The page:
Maya Lo Bello

Dr. Maya J. Lo Bello is Adjunct Professor at ELTE TÓK’s Department of Foreign Languages and Literature. She completed her PhD in Modern Hungarian Language and Literature at ELTE BTK; her research focuses on the role played by assimilation in Miksa Fenyő’s career in both the modern literature movement of Nyugat [›West‹] and the industrialization of Hungary’s economy via his position at the Hungarian Industrialists’ Association, GyOSz. Her latest study, Chasing Impressions: A Comparative Cultural Analysis of Impressionistic Criticism in Hungary, was published in 2019 by the University of Pennsylvania’s journal, Comparative Literature. Studies. Maya Lo Bello translates extensively and is Technical Editor of the journal, Hungarian Cultural Studies.

My Research​

The research object is to examine how advertisements can be used to reconstruct a formation between an industrial, capitalist association and a modern literary journal.


From Marginalia to Bookends: Industrialization, Capitalism and Advertising in Hungary’s High Modern Journal, Nyugat (›West‹)

Within the history of modern Hungarian literature, the journal Nyugat was the flagship of modernist literary movements from 1908 to 1941. Mainly perceived as a periodical dedicated to preserving its own l’art pour l’art brand of aestheticism during the period before World War I, my analysis examines Nyugat’s ties to the industrial lobby group, the Hungarian National Industrialists’ Association [GyOSz], through the connections of one of its editors, Miksa Fenyő (1877-1972). First the secretary, then the managing director of GyOSz, Fenyő’s connection to Hungary’s economic elite has largely remained unexplored in Hungarian literary history. By examining the advertisements and notices found in Nyugat, the GyOSz-issued periodical also edited by Fenyő, Magyar Gyáripar [Hungarian Factory Industry], and a few other prominent periodicals from the period, I interpret these textual traces as a type of marginalia that appear inconsequential, yet still allow a periodical to shift, alter and change its profile quickly enough to adapt to the tumultuous historical and socio-economic pressures that characterized the last two decades of the Austro-Hungarian Empire. By reimagining this form of marginalia as a »bookend” that subsequently positions a periodical within a socio-economic context, I draw upon Anthony Giddens’ theory of disembeddedness,[1] Raymond Williams’ concept of cultural formations[2] and Jerrold Spiegel’s description of a network of means[3]  to demonstrate how Nyugat’s editors maintained a fine balance between capitalism and high culture in order to attain artistic autonomy.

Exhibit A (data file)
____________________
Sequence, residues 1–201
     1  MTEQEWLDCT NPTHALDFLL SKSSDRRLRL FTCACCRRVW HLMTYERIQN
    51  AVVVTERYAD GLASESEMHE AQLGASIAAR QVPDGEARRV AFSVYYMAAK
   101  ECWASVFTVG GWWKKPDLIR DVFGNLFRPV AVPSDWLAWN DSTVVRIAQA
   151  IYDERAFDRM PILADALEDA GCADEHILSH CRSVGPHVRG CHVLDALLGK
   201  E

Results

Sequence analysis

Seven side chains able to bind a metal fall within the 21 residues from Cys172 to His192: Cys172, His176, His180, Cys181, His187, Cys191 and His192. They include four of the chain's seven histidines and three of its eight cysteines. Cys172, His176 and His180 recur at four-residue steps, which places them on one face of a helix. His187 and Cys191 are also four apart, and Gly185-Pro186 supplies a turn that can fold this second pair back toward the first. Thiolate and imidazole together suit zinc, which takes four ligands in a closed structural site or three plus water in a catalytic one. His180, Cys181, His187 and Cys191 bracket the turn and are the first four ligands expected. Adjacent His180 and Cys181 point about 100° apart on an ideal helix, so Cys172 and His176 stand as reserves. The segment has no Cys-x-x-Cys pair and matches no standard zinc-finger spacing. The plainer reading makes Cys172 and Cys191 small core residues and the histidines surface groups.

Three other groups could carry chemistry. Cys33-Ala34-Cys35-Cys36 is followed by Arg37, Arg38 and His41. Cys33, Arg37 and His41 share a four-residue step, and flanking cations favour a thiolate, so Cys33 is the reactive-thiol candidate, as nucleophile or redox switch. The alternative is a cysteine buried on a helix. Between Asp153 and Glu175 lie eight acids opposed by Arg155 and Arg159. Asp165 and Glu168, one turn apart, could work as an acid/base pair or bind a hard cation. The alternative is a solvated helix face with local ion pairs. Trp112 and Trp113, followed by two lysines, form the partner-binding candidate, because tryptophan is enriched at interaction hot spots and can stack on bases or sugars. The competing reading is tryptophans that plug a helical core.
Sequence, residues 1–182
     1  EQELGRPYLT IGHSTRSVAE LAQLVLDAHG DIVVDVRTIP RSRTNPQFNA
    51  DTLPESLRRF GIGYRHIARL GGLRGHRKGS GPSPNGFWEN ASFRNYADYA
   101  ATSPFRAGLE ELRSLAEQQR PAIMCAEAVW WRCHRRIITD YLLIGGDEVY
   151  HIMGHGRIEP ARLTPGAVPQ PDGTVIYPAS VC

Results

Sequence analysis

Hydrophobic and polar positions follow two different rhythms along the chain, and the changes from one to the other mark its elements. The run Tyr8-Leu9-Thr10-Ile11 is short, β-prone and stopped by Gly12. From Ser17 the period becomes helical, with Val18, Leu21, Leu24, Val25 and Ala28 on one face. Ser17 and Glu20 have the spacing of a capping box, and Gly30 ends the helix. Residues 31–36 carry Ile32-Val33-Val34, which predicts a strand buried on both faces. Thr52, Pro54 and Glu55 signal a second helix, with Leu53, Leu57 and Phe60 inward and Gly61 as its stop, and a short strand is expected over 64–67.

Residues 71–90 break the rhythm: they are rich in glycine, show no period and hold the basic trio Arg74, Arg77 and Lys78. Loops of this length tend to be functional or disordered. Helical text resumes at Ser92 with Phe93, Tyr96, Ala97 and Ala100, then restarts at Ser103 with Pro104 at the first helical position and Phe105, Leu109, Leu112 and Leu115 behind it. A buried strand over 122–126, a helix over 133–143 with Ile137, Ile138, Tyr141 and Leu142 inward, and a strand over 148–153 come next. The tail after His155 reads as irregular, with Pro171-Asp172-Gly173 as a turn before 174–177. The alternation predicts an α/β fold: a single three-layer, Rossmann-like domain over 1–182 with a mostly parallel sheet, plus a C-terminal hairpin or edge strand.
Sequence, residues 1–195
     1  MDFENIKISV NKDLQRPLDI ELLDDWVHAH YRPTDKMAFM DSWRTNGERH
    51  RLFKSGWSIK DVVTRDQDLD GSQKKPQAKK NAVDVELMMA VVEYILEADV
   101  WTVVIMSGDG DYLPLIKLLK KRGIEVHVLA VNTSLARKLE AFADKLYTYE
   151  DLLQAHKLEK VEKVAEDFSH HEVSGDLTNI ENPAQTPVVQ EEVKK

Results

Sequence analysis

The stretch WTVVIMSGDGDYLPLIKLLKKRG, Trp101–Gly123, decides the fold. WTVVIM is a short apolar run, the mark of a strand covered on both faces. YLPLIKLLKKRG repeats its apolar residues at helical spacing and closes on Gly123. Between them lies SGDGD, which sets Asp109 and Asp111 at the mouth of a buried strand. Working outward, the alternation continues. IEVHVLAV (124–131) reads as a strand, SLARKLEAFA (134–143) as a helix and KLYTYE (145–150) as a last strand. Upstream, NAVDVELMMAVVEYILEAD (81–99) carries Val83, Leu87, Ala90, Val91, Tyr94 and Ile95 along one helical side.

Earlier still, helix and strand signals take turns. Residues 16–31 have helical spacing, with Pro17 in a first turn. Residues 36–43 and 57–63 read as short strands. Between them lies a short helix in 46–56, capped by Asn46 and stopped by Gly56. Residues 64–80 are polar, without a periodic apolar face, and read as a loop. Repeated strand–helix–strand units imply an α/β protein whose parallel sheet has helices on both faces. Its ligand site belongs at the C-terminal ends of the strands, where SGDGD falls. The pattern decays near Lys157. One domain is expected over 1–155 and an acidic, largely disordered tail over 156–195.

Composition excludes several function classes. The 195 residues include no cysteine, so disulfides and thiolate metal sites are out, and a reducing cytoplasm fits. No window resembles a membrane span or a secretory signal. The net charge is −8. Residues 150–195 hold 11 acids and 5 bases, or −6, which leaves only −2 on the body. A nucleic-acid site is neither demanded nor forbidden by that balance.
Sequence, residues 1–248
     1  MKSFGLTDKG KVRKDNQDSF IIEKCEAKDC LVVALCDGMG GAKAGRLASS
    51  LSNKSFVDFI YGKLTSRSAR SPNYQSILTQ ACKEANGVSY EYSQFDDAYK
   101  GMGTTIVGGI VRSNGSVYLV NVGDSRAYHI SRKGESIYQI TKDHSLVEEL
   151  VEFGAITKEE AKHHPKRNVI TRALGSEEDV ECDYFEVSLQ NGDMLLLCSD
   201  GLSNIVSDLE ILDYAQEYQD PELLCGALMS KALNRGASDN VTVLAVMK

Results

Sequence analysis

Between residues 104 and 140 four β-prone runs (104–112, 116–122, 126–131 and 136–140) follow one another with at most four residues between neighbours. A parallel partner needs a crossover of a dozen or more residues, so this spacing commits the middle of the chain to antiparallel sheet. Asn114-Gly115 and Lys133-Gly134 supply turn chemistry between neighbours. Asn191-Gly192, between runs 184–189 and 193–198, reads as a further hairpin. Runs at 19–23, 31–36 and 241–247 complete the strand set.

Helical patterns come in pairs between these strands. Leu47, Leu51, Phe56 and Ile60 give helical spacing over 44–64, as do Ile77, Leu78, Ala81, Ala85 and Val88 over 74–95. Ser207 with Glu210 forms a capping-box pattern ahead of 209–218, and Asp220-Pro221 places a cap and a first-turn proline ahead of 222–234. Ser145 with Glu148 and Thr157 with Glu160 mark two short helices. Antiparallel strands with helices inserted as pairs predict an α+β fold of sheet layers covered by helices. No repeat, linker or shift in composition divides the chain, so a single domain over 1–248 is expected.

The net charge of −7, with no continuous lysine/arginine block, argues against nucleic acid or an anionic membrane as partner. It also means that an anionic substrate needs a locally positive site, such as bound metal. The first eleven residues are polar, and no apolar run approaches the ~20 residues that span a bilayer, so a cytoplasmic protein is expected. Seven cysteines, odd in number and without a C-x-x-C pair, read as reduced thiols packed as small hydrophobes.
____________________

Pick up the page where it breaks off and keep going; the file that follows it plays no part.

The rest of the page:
[1] giddens Anthony, The Consequences of Modernity, Stanford, CA, Stanford University Press, 1990.

[2] williams Raymond, Culture and Society, New York, Columbia University Press,1968.

[3] spiegel Jerrold, Modernity and Bourgeois Life. Society, Politics and Culture in England, France and Germany Since 1750, Cambridge, Cambridge University Press, 2012.

Recent Publications​

Lo Bello, Maya J. »Amikor a kritikus politizál. Fenyő Miksa közéleti írásai 1916 és 1918 között.« Üdvözlet a győzőnek. Tanulmányok 1918 mikrótörténelméről, edited by András Kappanyos, MTA Bölcsészettudományi Központ, 2020, pp. 269-84.

Lo Bello, Maya J. »Chasing Impressions: A Comparative Cultural Analysis of Impressionistic Criticism in Hungary.« Comparative Cultural Studies, vol. 56, no. 3, 2019, pp. 573-86.

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